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Kim, Yunji and Warner, M.E. 2018. “Geographies of Local Government Stress after the Great Recession,” Social Policy and Administration. 52(1): 365–386.

Local governments in the USA are facing increased levels of fiscal stress after the Great Recession. We conducted a national survey in 2012 to assess differences in sources of stress and service delivery responses (privatization, inter‐municipal co‐operation, and public delivery) across places. Our discriminant analysis on 1,889 US cities and counties contributes to the literature on state rescaling. We differentiate three types of stress: fiscal, housing market decline and demographic. Fiscal stress and demographic stress are linked and highest in metro core and rural places, while housing market decline is associated with population density and revenue diversification. Diverse revenue sources can ameliorate some of the fiscal challenges brought on by housing market decline. Regarding service delivery, we find privatization and co‐operation are higher in suburbs. State aid dependence is highest in rural and metro core areas with greater need, but decrease in state aid is highest in the South and West, where fiscal stress is also highest. Decentralization has exacerbated spatial inequality in the wake of the Great Recession challenging the efficiency claims of fiscal federalism. More redistributive state policies are needed.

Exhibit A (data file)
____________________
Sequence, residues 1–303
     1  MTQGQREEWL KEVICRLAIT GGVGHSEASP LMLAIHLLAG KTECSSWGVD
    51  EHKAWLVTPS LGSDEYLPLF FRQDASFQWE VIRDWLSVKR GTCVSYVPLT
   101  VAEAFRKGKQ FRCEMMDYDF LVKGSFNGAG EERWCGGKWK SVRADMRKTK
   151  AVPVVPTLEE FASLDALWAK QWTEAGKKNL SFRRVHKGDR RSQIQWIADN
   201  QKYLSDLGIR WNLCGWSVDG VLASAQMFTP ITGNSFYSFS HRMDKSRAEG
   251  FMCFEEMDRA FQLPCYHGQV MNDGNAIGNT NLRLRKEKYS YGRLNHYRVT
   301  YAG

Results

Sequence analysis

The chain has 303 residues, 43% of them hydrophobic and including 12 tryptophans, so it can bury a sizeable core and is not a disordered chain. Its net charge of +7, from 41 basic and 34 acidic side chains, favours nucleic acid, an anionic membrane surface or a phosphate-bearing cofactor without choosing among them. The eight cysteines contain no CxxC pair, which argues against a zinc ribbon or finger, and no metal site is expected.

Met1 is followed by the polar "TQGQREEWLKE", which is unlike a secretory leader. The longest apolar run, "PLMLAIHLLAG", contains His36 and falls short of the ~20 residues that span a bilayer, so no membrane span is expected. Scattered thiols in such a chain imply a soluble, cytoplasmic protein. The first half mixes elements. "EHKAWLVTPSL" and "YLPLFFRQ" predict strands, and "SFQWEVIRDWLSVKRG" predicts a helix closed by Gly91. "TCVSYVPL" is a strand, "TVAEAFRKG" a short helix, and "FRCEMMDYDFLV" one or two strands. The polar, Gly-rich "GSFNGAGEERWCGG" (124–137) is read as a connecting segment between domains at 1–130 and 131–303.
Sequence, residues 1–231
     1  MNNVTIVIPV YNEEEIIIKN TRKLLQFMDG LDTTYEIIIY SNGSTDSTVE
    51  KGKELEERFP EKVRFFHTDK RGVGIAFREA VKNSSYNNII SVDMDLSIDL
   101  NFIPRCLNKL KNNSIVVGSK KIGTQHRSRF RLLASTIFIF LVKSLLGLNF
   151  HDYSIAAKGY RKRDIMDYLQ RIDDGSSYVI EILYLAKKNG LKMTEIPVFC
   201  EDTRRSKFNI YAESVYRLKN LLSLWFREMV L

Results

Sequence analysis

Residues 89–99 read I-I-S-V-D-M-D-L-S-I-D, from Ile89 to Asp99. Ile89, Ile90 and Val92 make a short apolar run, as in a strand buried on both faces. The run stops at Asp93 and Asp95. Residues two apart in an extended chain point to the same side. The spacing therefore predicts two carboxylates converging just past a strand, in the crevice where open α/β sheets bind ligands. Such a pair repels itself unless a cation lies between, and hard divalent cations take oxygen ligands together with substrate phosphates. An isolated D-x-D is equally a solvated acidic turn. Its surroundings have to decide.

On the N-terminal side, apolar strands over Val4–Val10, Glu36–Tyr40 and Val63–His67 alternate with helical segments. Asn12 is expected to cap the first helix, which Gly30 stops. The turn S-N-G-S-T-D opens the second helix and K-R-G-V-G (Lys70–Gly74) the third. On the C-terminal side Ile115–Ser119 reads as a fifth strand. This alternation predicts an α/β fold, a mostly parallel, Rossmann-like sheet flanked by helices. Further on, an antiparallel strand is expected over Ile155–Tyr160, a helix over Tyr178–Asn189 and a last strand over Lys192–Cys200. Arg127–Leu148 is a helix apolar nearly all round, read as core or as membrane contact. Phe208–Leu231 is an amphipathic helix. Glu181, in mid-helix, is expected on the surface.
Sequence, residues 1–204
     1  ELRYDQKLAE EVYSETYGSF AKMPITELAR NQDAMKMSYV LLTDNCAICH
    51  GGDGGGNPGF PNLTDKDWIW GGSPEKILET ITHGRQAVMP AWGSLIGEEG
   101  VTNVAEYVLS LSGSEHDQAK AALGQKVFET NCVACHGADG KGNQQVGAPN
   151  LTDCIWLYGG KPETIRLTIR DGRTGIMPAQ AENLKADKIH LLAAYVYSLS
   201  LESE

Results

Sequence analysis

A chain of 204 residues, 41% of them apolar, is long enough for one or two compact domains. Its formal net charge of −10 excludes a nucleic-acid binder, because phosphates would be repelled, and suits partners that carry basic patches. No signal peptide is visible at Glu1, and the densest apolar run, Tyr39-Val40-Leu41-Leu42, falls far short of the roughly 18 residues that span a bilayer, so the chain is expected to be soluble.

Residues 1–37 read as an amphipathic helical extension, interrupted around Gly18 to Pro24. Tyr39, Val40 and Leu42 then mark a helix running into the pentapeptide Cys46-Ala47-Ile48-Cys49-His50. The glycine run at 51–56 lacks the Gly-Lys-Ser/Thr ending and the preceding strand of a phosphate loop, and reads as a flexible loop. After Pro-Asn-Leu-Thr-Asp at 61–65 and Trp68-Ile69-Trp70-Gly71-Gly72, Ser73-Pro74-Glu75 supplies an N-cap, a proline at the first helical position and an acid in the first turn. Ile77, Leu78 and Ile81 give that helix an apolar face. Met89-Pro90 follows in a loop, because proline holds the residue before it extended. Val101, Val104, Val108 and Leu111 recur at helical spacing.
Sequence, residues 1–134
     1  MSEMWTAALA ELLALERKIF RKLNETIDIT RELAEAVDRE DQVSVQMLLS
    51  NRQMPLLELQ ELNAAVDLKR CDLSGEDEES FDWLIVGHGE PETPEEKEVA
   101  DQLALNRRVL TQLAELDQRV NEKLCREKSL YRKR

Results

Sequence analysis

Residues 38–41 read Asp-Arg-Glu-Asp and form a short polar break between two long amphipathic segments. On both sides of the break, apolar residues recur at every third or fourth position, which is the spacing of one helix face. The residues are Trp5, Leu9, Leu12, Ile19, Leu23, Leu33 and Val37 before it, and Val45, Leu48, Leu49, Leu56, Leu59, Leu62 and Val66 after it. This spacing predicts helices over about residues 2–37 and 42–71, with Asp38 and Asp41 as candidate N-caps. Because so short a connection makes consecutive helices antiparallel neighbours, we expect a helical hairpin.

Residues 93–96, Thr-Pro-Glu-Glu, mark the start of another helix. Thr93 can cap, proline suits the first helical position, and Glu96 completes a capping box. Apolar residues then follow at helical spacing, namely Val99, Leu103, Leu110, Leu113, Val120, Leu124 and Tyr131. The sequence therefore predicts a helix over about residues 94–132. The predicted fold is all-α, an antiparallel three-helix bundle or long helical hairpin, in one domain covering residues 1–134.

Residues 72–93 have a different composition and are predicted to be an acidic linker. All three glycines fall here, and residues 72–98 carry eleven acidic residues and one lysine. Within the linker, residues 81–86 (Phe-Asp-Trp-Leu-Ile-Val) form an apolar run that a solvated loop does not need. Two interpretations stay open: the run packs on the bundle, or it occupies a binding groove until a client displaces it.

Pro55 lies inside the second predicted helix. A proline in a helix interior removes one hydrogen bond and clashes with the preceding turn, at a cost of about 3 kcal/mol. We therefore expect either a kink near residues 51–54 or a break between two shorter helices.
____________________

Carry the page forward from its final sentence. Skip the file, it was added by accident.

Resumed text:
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Subject: Upstate NY Fiscal Stress